11. 14. Trans-language learner? Jonietz (1994) <ul><li>“ If the traditional terms are not really applicable, is there a more appropriate term? Is it possible that these learners are ‘ trans-language learners ’ (TLL)? Trans-language learner is a term which describes an individual who moves from a maternal/native language to competence in an additional environmental/instructional language and culture. ” (p.43) </li></ul>
    12. 15. Translingual Writers – Kellman (2003) <ul><li>Translingual authors as “ those who write in more than one language or in a language other than their primary one. ” (p. ix) </li></ul><ul><li>By expressing themselves in multiple verbal systems, [translingual writers] flaunt their freedom from the constrains of the culture into which they happen to be born (ix). Kellman (2003) </li></ul>
    13. 16. Cutter, M. J. (2005) Book (review of Kellman 2003) <ul><li>Translingualism as a subject is certainly worthy of theorization and study… However, the definition of translingualism presented here is very broad and the collection as a whole therefore remains rather diffuse and unfocused. Problematically, Kellman never distinguishes translingualism from bilingualism, multilingualism, or ambibilingualism. (p.199) </li></ul>
    14. 17. Proposing a new definition: translingualism/transliteracy <ul><li>Languages and literacies that develop while interacting with each other in a dynamic and fluid way </li></ul><ul><li>while moving back and forth between real and “imagined” glocalized borders </li></ul><ul><li>and transacting with different cultural identities within a unified self. (Schwarzer, in preparation) </li></ul>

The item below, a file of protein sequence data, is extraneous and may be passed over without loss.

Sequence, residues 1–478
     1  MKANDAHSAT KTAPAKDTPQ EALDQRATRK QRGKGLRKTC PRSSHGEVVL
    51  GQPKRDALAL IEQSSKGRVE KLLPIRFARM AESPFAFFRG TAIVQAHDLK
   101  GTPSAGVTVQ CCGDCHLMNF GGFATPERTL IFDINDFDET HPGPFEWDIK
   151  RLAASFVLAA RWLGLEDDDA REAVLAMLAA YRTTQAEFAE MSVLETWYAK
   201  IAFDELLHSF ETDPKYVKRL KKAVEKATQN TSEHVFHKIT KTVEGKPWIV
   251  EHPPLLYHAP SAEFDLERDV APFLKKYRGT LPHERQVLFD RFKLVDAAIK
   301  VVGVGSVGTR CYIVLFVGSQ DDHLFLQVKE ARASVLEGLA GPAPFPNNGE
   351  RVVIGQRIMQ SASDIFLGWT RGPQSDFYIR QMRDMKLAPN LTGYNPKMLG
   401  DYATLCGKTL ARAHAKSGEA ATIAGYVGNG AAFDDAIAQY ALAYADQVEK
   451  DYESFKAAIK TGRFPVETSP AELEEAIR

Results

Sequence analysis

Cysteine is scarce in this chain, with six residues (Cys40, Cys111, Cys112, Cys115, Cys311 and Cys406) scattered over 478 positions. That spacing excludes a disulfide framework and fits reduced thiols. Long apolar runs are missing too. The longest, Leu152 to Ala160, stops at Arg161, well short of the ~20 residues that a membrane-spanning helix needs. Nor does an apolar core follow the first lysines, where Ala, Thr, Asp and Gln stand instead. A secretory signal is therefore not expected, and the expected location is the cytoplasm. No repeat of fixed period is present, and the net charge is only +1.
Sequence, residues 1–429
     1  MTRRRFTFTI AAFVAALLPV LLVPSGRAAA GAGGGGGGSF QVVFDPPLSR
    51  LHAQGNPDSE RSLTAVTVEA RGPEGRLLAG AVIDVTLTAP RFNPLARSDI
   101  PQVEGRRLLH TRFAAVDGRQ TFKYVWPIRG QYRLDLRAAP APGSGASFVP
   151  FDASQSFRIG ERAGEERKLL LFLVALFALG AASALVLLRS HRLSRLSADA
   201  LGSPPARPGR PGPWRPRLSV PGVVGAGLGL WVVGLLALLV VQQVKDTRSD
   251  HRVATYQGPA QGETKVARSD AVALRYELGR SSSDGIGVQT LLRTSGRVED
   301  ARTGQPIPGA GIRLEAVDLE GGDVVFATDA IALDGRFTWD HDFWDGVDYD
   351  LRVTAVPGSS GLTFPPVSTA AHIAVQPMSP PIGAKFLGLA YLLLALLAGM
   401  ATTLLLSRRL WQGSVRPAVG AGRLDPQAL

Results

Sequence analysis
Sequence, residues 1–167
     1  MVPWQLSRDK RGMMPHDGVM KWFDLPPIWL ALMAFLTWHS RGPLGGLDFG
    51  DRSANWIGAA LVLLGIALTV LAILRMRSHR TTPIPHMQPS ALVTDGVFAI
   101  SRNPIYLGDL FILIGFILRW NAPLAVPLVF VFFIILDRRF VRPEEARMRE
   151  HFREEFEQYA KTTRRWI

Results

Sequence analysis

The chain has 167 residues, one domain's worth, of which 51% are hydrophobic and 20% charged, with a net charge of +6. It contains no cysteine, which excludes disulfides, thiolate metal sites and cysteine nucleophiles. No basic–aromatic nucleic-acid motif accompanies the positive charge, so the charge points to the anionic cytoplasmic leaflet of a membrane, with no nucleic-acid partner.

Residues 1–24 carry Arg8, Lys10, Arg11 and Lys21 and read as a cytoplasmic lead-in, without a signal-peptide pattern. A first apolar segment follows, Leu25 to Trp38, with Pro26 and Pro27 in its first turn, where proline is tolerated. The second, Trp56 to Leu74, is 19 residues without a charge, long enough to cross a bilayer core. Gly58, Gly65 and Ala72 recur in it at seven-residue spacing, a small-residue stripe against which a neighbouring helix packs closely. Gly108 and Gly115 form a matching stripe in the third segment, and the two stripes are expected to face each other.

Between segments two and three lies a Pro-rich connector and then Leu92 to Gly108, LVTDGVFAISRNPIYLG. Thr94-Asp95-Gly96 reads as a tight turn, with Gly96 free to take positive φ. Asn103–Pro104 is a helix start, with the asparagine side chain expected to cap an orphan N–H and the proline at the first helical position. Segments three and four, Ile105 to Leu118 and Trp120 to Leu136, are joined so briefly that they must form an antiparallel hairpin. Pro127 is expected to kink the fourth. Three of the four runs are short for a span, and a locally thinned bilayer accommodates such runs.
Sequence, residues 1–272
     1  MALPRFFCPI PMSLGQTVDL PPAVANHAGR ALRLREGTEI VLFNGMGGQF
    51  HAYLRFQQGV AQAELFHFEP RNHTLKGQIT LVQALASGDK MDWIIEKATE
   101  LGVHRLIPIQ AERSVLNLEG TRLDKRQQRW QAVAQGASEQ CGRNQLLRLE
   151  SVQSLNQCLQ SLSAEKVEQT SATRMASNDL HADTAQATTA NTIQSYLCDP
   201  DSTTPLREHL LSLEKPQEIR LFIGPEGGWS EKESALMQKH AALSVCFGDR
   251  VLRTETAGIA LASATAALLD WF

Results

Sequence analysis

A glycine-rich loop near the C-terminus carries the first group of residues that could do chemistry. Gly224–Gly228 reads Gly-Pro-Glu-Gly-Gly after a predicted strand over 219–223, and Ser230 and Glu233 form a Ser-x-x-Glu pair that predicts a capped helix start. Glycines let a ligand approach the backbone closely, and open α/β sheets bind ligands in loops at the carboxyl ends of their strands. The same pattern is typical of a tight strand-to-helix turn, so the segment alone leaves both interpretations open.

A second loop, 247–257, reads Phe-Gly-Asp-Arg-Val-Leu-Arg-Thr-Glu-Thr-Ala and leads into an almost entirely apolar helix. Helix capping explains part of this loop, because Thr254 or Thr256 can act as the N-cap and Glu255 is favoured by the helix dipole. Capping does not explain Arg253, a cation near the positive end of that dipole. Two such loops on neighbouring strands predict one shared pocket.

15. 18. Transliteracy Education
    16. 19. Translingual Methodologies <ul><li>The purpose of this section is the talk about two concrete examples of a pre-service teacher moving from a multilingual approach to language and literacy to a translingual one. </li></ul>
    17. 20. My Journey to Becoming a Translingual Teacher <ul><li>Moving from “multicultural” to “translingual.” </li></ul><ul><li>Establish a framework with a set of overarching plans. The teacher as conductor, “letting go.” </li></ul><ul><ul><li>First, survey class to discover languages spoken, and how students engage them (home, community, etc.). </li></ul></ul><ul><ul><li>Find my “language agents” (library staff, coworkers, church leaders, etc.) to contact as resources. </li></ul></ul><ul><li>2 sample English classroom activities, based on Preview-View-Review (Freeman & Freeman, 1998): Native language -> English -> Native language . </li></ul>
    18. 21. Lesson 1: Building a Translingual Word Wall <ul><li>Context : 8 th grade LA class in Harrison. 27 students, 4 languages (10 students primarily speak English, 7 Spanish, 5 Portuguese, and 5 Chinese). </li></ul><ul><li>Goal: Students will gain an understanding of the cultural implications and characteristics of 5 different animals in their native languages prior to reading George Orwell’s Animal Farm . </li></ul><ul><li>Preparation: Teacher will find versions of the text in all 4 languages (Simplified Chinese written text online, an animated version dubbed in Spanish, etc.) and prepare the research tools for students to use (library staff, Internet searches, etc.). </li></ul>